For wealthy adults and children in Victorian times, there was a lot more leisure time than there was for the poor. Without the modern forms of entertainment we have today such as video games, Netflix or online shopping the Victorians had to invent simple games to pass the time and stave off boredom. Over the course of the era, several Victorian parlor games grew in popularity.
Affluent parents did not want their children playing outside in the wet English weather so the games had to be simple and suitable to playing indoors.
Below is a list of well known Victorian parlor games that many families will still play today especially during Christmas or family get togethers.
Popular Victorian Parlor Games
Charades was a very popular game for the Victorians as it did not require any equipment and was well understood by all guests.
Literary charades came first, invented by the French in the 18th Century. Acting charades appeared early in the 19th Century, again originating in France. It was then imported as a parlor game to Victorian England by the aristocracy and became the most popular form of the game.
In charades you can be split in to two or more teams. To begin with you would write down some well known activities, book titles, plays, objects or places and put them into a hat.
In the modern version of the game we might use movie titles or well known childrens tv shows. One person would then pick a piece of paper from the hat and act out what is written down by the use of mime. They must not speak.
The other players then have to guess what the person is acting out. If they guess correctly they win a point for their team.
In Blindman’s Bluff, one player is blindfolded while all other guests hide around the room. The traditional name of the game is ‘blind man’s buff’ But both names are commonly used. In the traditional name, the word ‘buff’ is used in its older, original sense of being a ‘small push’.
To start, the blindfolded person is spun around several times to disorientate her. The blindfolded person must attempt to catch someone. When they capture a player they have to guess the name of the person they have caught.
If they get it right then the captured player takes the blindfold and play continues. If the blindman is unable to identify who they have captured the person is freed and play continues.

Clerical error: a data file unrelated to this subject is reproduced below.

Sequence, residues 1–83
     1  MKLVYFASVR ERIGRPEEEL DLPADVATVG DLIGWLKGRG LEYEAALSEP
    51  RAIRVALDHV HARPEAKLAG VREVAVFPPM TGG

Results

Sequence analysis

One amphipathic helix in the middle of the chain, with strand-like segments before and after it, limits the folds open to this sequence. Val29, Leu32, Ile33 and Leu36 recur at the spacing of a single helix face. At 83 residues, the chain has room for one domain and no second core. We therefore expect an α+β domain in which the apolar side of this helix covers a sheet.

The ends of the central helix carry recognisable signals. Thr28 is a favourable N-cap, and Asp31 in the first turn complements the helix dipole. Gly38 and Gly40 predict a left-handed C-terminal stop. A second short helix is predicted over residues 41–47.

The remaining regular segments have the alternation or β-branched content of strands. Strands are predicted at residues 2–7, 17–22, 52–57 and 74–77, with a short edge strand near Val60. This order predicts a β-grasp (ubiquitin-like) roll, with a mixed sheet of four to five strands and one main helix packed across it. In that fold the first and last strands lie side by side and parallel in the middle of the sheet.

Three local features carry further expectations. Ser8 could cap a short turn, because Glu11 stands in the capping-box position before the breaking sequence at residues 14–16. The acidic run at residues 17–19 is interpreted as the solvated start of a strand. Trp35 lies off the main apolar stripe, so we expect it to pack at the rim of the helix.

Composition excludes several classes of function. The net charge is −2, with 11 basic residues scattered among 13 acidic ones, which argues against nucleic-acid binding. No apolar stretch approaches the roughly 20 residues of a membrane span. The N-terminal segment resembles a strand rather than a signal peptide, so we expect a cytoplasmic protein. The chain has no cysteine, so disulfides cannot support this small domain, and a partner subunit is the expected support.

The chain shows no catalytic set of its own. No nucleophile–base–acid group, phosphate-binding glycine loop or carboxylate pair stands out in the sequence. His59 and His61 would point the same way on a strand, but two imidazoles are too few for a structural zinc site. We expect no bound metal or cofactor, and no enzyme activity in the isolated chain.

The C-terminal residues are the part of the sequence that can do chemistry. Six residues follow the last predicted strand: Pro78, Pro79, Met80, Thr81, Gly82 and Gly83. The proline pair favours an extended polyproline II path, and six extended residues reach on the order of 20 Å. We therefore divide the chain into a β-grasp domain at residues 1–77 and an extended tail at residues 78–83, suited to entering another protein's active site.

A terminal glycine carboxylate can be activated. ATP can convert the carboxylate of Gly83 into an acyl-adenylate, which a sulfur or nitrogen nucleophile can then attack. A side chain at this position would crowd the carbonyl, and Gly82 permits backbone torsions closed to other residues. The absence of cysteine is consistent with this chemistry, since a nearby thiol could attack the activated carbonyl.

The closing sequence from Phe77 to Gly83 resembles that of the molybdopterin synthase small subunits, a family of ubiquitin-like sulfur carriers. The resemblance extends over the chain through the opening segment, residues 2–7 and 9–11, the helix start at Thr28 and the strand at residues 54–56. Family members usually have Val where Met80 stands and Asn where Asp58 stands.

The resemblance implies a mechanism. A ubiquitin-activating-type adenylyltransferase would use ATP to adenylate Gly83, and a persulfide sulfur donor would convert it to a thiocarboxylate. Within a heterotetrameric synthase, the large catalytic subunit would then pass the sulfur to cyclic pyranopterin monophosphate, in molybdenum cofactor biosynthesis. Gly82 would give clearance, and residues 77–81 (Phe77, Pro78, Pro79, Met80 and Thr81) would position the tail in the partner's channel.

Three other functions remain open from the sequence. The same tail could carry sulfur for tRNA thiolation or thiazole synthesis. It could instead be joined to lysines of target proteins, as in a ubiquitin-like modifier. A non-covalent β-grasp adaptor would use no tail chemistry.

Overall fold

To make play more interesting players may call out to the blindfolded person to attract her attention.
Pass the Slipper
In Victorian times a slipper would often have been used for this game – however any small inanimate object would suffice. This is one that poor Victorian children could play too, particularly later in the era when more free time became available.
With this game, one player stands in the centre of a circle formed by the other players. The player in the middle must close her eyes and as she does so the object is passed from player to player behind their backs.
When the person in the middle opens her eyes, the passing of the slipper immediately stops and the player must guess who holds the slipper. If she is correct, they change places, otherwise the player closes her eyes again and play continues.
One player is assigned to be the judge and leaves the room. Each of the other guests must place an object into a box or hat. The objects have to belong to the person e.g. a handkerchief, a watch or a ring.
The judge then re-enters the room and picks an item out from the box. When the judge picks out an object the person must identify themselves and the judge will assign to them a forfeit.
Common forfeits might be to do a dance, sing a song. perform a tongue twister or stand on one leg for a minute.
The host shows everyone a little knick-knack in the room, it could be a matchbox, an ornament or something similar. All the guests are then asked to leave the room while the host hides it. When the players return, everyone is to look for the item until they spot it.
They are then to sit down. The last one to find it is the loser and must hide another item.
In this parlor game, all the players must stand as still as a statue. The host will then move around the different players in the game and move them into different positions.
If the players laugh or move they are out of the game. The last person to move or laugh is the winner.
A player would put different small objects on to a tray or plate. All the other players would then look at the plate and memorise what is on there.
He then would cover the plate with a cloth and remove one of the objects. When he removes the cloth the first player to call out the item that is missing from the tray is the winner.
A player would look in the dictionary for a word. They would then write down the definition of the word and also 2 or 3 false definitions of the word. It is then up to the other players to guess which definition is correct and which is not.
This is quite a good educational game for children as it can help them increase their vocabulary and learn new words.